Paul D's trying to think through something that's been bothering him for a long time: was he only a man at Sweet Home because Mr. Garner said that he was?
No, that isn't it. He and the other Sweet Home men were men because of the relationship between Mr. Garner and them.
Mr. Garner listened to his slaves and even allowed them to disagree with him. They could do things without his permission because Mr. Garner trusted their judgment.
Once schoolteacher came, however, all that changed.
Paul D realizes what a slave really is: an animal. The men on Sweet Home were only men at Sweet Home. As soon as they stepped off the plantation, they became something else in the eyes of the rest of the world.
He used to think that his strength came from knowing that schoolteacher was wrong.
But if schoolteacher really was wrong, then why can't Paul D say no to Beloved? You see, here's his logic: a real man would have the willpower to do what he wants, to do what's right.
He can't even keep from getting moved out of 124 or, for that matter, from getting moved from position to position by Beloved. And he doesn't even like Beloved!
Ashamed, Paul D decides that schoolteacher must have been right after all.
Paul D realizes that he has to do something. His body isn't his own anymore, but at least he can still talk.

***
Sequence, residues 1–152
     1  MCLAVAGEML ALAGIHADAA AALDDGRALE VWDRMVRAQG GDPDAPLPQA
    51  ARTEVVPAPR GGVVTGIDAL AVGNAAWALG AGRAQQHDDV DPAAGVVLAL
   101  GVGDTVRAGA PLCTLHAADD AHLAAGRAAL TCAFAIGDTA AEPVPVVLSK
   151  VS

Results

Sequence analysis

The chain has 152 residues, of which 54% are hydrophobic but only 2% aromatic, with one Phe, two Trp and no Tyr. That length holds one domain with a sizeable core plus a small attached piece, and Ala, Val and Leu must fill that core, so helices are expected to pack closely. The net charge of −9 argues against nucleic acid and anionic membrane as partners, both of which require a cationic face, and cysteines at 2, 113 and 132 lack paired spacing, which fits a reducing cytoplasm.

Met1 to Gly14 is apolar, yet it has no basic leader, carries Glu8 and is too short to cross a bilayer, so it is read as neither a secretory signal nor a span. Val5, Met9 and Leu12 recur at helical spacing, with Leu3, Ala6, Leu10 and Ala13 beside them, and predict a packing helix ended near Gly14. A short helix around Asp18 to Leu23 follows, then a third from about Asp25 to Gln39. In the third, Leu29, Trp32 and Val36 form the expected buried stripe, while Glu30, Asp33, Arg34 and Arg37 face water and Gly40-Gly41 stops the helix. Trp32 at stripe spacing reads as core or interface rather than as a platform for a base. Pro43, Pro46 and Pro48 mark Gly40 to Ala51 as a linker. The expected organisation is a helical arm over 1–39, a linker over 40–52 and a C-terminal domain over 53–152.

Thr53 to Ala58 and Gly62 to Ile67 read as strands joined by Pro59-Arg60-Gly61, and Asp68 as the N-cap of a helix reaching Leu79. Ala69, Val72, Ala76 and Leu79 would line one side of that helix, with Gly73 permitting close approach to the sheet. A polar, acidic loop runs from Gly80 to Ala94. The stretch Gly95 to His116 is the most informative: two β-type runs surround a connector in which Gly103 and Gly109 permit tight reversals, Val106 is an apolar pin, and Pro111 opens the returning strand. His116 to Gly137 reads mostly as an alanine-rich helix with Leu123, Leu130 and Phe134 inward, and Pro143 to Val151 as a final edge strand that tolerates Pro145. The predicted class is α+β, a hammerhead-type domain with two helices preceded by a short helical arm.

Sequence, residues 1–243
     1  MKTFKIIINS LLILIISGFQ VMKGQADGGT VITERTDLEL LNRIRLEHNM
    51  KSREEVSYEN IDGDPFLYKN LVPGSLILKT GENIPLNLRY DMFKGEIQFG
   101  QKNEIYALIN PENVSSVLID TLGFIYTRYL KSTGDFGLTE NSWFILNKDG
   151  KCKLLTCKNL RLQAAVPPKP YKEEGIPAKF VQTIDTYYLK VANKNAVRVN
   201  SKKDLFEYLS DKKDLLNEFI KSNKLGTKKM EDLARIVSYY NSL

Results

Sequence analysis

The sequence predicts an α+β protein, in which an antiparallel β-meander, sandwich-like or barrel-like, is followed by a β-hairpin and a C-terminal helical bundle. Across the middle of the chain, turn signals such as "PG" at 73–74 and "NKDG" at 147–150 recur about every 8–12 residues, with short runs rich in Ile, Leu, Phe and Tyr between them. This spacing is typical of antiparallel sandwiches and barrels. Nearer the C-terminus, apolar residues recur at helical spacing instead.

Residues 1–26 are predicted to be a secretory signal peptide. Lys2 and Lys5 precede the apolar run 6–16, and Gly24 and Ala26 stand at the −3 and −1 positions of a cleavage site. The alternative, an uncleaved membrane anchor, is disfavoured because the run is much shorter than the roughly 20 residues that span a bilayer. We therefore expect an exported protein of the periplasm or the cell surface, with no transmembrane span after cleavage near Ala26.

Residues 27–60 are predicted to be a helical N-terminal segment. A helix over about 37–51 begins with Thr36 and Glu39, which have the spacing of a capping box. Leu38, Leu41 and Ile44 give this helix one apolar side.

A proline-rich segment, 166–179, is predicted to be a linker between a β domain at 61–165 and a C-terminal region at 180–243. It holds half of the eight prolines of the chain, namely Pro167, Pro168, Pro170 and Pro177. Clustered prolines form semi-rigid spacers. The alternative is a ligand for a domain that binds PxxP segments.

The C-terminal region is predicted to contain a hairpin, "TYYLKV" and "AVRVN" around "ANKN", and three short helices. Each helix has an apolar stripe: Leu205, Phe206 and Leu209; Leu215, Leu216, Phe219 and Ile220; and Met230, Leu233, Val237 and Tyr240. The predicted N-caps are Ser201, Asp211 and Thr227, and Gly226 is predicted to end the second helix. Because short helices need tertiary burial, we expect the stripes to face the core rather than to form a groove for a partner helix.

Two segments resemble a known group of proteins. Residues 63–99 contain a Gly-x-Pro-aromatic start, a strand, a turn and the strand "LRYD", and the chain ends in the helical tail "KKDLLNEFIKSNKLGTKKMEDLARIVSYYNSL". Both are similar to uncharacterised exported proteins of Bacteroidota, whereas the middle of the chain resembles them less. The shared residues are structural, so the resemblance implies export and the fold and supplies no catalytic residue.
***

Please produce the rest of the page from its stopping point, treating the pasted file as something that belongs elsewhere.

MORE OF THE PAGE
He waits for Sethe outside her work, planning what he's going to say to her.
He's going to tell her the truth about the past three weeks—including the fact that he's been sleeping with Beloved.
When Sethe comes out, though, she looks so happy to see him that he loses his guts.
Instead, he tells her that he wants her to get pregnant. What a way to follow through, huh?
Sethe laughs. She's too old to have another baby, she says, but she's secretly happy that Paul D would ask.
Paul D and Sethe walk back to 124 together, flirting like young kids.
About half a mile from 124, they see a figure coming up the road. We bet you know who it is.
Yep—it's Beloved. Who else can ruin the mood like she does?
She's just standing there without a coat, even though it's been snowing for hours.
And how's this for added drama? She's holding out a shawl, but it isn't for herself—it's for Sethe.And of course, she never even looks at Paul D. She's just staring at Sethe.
Sethe does what any mother would do: she takes that shawl and wraps Beloved in it instead. Paul D? Who?
Paul D's seething: clearly, he's the third wheel here.
But Sethe manages to solve Paul D's problems, after all. He doesn't even have to say anything to her about it.
That night, she tells him to come up and sleep with her where he belongs.
Now it's Beloved's turn to seethe: Paul D can feel it across the kitchen table from where Beloved is sitting, but he concentrates on Sethe's smile.
A bit later, Sethe lies awake thinking about Paul D and building a case against having more children. She's had kids already and being a mother is really hard. (Go ahead—just ask your mom!)
It's also all that she wants: to have all her children back with her. And what with Beloved showing up that first day and Sethe's water breaking at the sight of her, Sethe feels totally justified about thinking that's all she should want. Especially since it's been her dream for years.
While she's thinking all of this, her hand is on top of Paul D's sleeping, breathing chest...